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North Adelaide, Australia

Clarke M.,University of Adelaide | McIntyre P.B.,National Center for Immunisation Research and Surveillance of Vaccine Preventable Diseases | McIntyre P.B.,University of Sydney | Blyth C.C.,University of Western Australia | And 15 more authors.
Journal of Infection

Objectives: Changes in circulating Bordetella pertussis genotypes, including a novel pertussis toxin promoter ptxP3 allele and absence of pertactin (Prn) antigen, have been reported from several countries but limited data on relative severity are available. We compared markers of disease severity in children with B. pertussis infection due to strains of differing genotype. Methods: Culture confirmed cases presenting to tertiary paediatric hospitals in three Australian states between 2008 and 2012 were classified as severe if they required a hospital stay greater than seven days, were admitted to intensive care, or if death occurred. Associations between age, vaccination, genotype and severity were assessed. Results: Of 199 pertussis cases, 81 (41%) were <3 months, including 32/39 (82%) of severe cases. The proportion of isolates from these cases that were Prn deficient increased markedly between 2008 and 2012. Of B. pertussis isolates, the proportion considered severe was similar for Prn positive (27/128, 21%) and Prn deficient (12/71, 17%) cases but only 1/22 (4.5%) of non ptxP3 cases were severe versus 38/177 (21.4%) ptxP3 positive. Adjusting for ptxP type, vaccination status and age, disease severity was not significantly associated with Prn status (RRA: 0.95, [0.57-1.56]; p = 0.83). Conclusions: In children, we found no relationship between Prn status and markers of severe pertussis. An increased proportion of severe disease in isolates with the ptxP3 allele was observed. © 2015 The British Infection Association. Source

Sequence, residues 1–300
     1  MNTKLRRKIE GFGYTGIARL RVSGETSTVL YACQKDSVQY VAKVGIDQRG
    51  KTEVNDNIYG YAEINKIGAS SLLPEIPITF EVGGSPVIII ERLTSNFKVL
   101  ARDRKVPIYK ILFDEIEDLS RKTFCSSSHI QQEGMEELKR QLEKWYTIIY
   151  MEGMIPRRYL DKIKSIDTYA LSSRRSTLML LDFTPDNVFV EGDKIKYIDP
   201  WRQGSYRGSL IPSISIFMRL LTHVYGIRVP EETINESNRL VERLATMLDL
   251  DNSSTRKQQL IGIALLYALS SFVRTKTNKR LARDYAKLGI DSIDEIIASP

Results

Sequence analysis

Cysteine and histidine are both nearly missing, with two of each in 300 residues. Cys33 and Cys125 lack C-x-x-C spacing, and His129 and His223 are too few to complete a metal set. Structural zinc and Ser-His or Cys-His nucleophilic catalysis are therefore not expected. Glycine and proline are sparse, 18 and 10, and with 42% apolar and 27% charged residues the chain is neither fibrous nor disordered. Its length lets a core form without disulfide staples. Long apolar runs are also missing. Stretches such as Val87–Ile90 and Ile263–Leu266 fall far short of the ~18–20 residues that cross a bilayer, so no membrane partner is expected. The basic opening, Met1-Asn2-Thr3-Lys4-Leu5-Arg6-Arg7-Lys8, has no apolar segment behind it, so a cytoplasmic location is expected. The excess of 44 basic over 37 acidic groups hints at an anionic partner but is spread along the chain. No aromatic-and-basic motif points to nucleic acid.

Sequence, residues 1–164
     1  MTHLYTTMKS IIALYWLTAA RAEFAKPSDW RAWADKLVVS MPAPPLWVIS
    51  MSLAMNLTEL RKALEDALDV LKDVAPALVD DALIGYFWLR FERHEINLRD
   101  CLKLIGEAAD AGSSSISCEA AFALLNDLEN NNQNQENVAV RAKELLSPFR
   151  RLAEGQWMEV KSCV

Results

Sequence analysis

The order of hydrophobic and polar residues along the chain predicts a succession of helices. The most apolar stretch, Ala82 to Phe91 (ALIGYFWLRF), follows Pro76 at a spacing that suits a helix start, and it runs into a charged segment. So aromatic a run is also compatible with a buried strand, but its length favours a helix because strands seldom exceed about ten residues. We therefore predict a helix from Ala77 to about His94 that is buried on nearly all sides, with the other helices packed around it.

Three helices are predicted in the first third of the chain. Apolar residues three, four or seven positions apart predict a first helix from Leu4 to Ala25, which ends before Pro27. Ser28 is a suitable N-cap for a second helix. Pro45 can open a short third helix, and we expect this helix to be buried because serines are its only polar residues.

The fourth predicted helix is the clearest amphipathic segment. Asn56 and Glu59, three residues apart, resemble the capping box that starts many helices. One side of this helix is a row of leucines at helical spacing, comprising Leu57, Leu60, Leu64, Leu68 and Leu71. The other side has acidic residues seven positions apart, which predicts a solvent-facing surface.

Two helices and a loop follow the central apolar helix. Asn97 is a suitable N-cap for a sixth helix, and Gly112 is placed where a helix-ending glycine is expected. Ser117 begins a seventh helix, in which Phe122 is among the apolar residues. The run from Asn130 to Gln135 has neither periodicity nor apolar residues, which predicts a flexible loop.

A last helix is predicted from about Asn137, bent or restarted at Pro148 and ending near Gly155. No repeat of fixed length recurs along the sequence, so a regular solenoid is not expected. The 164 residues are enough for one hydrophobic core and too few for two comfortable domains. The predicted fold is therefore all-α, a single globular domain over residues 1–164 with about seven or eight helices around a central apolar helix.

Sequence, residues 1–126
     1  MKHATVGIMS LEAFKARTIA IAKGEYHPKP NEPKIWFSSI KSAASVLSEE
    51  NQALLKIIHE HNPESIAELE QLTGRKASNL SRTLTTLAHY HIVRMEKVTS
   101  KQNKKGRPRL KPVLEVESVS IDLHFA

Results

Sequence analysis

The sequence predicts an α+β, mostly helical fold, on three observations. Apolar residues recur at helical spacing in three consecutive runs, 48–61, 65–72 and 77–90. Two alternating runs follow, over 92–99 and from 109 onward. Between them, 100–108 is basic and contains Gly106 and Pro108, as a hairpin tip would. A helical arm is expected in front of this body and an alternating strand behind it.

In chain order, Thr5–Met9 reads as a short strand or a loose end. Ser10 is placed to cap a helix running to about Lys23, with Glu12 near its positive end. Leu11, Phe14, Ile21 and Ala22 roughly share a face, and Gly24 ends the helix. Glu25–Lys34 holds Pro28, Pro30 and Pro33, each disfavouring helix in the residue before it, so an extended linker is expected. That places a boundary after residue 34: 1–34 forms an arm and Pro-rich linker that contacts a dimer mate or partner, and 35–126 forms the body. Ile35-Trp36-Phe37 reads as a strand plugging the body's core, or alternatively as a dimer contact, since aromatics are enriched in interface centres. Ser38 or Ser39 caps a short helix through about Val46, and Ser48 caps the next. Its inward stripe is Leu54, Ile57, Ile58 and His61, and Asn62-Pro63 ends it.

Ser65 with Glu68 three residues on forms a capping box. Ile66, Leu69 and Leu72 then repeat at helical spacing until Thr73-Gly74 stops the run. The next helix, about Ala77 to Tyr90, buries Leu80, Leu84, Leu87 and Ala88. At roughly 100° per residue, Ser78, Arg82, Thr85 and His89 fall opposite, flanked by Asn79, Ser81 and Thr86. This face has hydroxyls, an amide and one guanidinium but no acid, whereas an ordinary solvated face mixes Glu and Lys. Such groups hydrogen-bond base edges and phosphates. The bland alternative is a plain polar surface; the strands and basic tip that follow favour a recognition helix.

Marshall H.,Discipline of Paediatrics | Marshall H.,University of Adelaide | Tooher R.,Discipline of Paediatrics | Collins J.,Discipline of Paediatrics | And 4 more authors.
American Journal of Infection Control

This study compared community response prior to and during the H1N1 2009 influenza pandemic using a cross-sectional phone survey of rural and metropolitan South Australia, conducted in 2007 and 2009. Awareness of pandemic influenza was significantly higher and anxiety lower in 2009 than in 2007. Reported seasonal influenza vaccine uptake increased from 51.7% in 2007 to 61.4% in 2009, but there was more interest in receiving pandemic vaccine in 2007 (87.5%) than in 2009 (57%). © 2012 by the Association for Professionals in Infection Control and Epidemiology, Inc. Published by Elsevier Inc. All rights reserved. Source

Clarke M.F.,Discipline of Paediatrics | Davidson G.P.,University of Adelaide | Gold M.S.,Discipline of Paediatrics | Marshall H.S.,Discipline of Paediatrics